Katie Finneran Tells Us Why Women Kill
The two-time Tony winner stars in the new CBS All Access series from the creator of Desperate Housewives.
"It's nice to have a little break from Game of Thrones and not feel like you have to kill yourself before you go to bed," two-time Tony winner Katie Finneran says about her latest TV project. It's a series called Why Women Kill (the title tells you everything you need to know), and it hails from one of the television industry's masters of black humor, Desperate Housewives creator Marc Cherry.
On the new CBS All Access dark comedy, Finneran plays Naomi, wealthy BFF to Lucy Liu's even wealthier Simone, circa the 1980s. The role allows for Finneran to don fabulous, colorful outfits, and even, potentially, commit murder.
It's a prosperous time in Finneran's onscreen career, and while her last stage appearance was in Edward Albee's At Home at the Zoo in 2018, she promises she hasn't forgotten about us.
I'm really enjoying Why Women Kill because the quirky tone of it reminds me of Desperate Housewives. What interested you in the show and your role?
I knew it would be in that world. I totally speak Marc Cherry. I hear his voice very easily. It's truthful, but it's elevated and funny, but then it's mysterious. It's tricky, but I get that sensibility. I tested for a show he did years ago. I wound up not getting the part, but he always remembered me and followed me, because he loves theater and loves talking about it. So Why Women Kill came up, and I knew it was just different enough to be fresh and exciting. I also knew I would have a good time doing it, which is how I pick things.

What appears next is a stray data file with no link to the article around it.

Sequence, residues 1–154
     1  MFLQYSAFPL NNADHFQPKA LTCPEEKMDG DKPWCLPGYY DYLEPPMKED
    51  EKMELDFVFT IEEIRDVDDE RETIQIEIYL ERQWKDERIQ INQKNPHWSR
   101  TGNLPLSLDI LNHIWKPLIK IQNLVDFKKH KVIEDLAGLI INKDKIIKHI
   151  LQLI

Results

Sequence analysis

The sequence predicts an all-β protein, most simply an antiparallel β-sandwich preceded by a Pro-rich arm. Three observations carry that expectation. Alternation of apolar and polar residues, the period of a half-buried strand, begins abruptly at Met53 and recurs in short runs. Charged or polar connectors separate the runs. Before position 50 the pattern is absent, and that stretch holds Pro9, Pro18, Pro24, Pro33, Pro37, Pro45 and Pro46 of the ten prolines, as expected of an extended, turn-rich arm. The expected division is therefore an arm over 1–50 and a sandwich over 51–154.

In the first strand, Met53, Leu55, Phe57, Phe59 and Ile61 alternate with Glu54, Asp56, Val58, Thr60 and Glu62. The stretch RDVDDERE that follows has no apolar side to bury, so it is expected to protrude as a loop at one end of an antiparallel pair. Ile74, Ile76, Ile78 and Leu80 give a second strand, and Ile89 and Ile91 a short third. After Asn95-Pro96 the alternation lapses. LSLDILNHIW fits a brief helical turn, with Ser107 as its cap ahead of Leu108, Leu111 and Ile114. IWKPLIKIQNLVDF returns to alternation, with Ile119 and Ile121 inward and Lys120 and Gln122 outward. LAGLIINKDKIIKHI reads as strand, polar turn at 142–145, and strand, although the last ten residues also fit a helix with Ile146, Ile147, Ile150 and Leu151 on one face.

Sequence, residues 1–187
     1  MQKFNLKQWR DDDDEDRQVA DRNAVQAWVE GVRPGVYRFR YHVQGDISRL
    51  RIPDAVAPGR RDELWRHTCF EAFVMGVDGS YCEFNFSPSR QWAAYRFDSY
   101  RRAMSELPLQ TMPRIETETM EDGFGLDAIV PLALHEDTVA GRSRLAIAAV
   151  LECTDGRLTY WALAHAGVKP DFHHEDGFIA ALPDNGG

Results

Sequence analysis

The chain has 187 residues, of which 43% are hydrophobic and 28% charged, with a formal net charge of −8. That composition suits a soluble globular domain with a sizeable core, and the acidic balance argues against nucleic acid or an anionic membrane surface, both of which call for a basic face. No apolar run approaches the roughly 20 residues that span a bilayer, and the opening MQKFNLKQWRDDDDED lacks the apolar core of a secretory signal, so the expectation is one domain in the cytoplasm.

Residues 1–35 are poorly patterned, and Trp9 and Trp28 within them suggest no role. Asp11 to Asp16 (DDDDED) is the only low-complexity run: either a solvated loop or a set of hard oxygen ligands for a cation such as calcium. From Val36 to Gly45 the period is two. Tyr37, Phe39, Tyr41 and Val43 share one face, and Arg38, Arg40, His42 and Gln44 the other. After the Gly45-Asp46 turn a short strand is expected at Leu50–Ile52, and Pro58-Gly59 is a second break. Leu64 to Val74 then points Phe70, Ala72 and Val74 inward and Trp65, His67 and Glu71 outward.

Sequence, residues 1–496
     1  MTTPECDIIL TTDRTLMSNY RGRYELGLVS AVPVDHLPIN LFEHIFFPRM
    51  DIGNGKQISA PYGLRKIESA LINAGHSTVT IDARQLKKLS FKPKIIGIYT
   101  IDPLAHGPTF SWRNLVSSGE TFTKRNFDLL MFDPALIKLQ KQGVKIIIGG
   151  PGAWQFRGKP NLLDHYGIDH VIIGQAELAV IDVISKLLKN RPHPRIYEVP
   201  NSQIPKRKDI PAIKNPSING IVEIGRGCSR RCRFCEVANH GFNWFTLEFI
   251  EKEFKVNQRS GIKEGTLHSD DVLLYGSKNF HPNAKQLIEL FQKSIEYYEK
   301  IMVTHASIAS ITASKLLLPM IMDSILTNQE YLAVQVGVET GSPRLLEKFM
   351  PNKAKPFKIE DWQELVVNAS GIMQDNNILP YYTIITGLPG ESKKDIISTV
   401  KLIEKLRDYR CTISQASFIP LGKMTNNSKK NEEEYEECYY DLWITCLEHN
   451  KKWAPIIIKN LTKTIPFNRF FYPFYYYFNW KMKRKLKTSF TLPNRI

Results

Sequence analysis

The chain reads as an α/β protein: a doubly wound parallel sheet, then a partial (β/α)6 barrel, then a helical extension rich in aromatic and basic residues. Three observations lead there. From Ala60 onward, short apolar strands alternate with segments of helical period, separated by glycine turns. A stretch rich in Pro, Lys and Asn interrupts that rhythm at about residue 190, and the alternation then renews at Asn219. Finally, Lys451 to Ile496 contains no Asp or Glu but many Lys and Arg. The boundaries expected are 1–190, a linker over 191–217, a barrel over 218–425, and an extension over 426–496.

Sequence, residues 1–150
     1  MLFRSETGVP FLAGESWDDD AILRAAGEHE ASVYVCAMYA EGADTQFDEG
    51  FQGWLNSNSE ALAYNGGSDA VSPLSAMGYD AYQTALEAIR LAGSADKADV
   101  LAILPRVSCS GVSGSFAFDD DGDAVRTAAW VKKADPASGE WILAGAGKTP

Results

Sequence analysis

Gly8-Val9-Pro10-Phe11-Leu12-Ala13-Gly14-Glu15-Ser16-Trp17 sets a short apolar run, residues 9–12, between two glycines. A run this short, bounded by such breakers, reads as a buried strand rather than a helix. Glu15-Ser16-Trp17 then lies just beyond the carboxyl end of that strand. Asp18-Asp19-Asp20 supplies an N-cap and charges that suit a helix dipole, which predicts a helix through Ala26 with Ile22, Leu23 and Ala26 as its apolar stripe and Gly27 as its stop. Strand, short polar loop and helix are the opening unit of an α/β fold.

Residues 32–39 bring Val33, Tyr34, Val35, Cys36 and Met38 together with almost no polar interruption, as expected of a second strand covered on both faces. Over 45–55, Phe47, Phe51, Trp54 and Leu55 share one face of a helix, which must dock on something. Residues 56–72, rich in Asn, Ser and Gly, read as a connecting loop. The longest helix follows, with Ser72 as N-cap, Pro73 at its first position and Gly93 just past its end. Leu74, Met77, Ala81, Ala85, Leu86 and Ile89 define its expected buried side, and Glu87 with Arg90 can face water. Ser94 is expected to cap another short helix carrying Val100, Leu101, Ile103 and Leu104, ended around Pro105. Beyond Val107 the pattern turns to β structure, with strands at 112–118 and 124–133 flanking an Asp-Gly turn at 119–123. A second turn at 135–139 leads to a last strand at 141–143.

Tell me about the arc of your character, Naomi.
Lucy Liu — who is divine and one of the greatest ladies ever to work with — and I play very rich ladies. I'm her best friend and I have a beautiful son, and we hang out at country clubs and we have fabulous lives. She starts to have an affair with my son, who just turned 18. It's not creepy. It's really sexy, because he's such a hunk and a man-child and he and Lucy have great chemistry. I find out about that and get angry and I may or may not kill someone. There you have it. It's just really fun.
You've played raucous comedic roles onstage, like Miss Hannigan in Annie and Marge in Promises, Promises, and then you go and do a dark Netflix show like Bloodline. Is it nice to do a show like Why Women Kill, which is relatively light?
It's so relaxing to be on a show that's beautiful and funny and touching. Norbert Leo Butz and I had so much fun on Bloodline. We'd be so silly on set, and then we'd have to go whisper-act all these sad things. Watching Why Women Kill — you know that you can go to sleep really satisfied.
You're doing more film and TV work now than theater. Was that a conscious choice?
I kind of let my career just lead me to where it's going. I really do like television because from a professional standpoint, more visibility helps the theater nowadays. I would love to just do theater, I would be so happy, but even Colleen Dewhurst went off and did movies and TV. I think it's better to have a really eclectic career, which is what I've always wanted. So I just do what feels right at the time.
Since so much of your career is rooted in theater, is there a learning curve necessary when you do screen work?
I really understand how to tell a story to 2,000 people, especially a comedy. But I still, after 28 years…I did this show with Jeff Daniels called The Looming Tower, and my first scene with him was a sex scene. So I'm like, "Hey Jeff, nice to meet you. We have a lot of friends in common." There's no continuity in film and it's so disconcerting. It's really hard on me to be able to relax enough and then have the spatial situation change when they change the cameras around. I know the story, I know my lines, but when they change the perspective, I get a brain glitch. So whenever I come across as not self-conscious, I think I've won. It's a tough gig. But I love that I keep having the opportunity to practice more and get more comfortable.